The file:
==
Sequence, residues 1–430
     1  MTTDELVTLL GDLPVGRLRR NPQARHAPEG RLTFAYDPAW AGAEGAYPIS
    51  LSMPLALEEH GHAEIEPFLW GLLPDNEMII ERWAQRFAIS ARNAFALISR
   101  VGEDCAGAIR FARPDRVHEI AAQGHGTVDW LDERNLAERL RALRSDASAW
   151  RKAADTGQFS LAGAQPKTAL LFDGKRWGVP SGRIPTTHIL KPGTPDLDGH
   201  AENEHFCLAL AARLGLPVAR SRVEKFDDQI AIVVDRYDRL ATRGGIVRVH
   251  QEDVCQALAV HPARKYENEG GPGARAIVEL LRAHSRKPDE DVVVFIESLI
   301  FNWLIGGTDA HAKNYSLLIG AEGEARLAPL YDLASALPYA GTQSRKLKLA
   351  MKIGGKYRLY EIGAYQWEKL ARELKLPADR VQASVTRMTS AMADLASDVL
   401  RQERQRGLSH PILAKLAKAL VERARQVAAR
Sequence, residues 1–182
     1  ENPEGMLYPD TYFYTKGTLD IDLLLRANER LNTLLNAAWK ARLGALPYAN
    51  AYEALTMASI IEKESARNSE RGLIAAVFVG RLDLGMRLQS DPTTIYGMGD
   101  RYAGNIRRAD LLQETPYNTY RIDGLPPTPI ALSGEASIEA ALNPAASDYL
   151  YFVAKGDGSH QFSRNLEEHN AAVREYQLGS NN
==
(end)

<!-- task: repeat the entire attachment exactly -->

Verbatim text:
Sequence, residues 1–430
     1  MTTDELVTLL GDLPVGRLRR NPQARHAPEG RLTFAYDPAW AGAEGAYPIS
    51  LSMPLALEEH GHAEIEPFLW GLLPDNEMII ERWAQRFAIS ARNAFALISR
   101  VGEDCAGAIR FARPDRVHEI AAQGHGTVDW LDERNLAERL RALRSDASAW
   151  RKAADTGQFS LAGAQPKTAL LFDGKRWGVP SGRIPTTHIL KPGTPDLDGH
   201  AENEHFCLAL AARLGLPVAR SRVEKFDDQI AIVVDRYDRL ATRGGIVRVH
   251  QEDVCQALAV HPARKYENEG GPGARAIVEL LRAHSRKPDE DVVVFIESLI
   301  FNWLIGGTDA HAKNYSLLIG AEGEARLAPL YDLASALPYA GTQSRKLKLA
   351  MKIGGKYRLY EIGAYQWEKL ARELKLPADR VQASVTRMTS AMADLASDVL
   401  RQERQRGLSH PILAKLAKAL VERARQVAAR
Sequence, residues 1–182
     1  ENPEGMLYPD TYFYTKGTLD IDLLLRANER LNTLLNAAWK ARLGALPYAN
    51  AYEALTMASI IEKESARNSE RGLIAAVFVG RLDLGMRLQS DPTTIYGMGD
   101  RYAGNIRRAD LLQETPYNTY RIDGLPPTPI ALSGEASIEA ALNPAASDYL
   151  YFVAKGDGSH QFSRNLEEHN AAVREYQLGS NN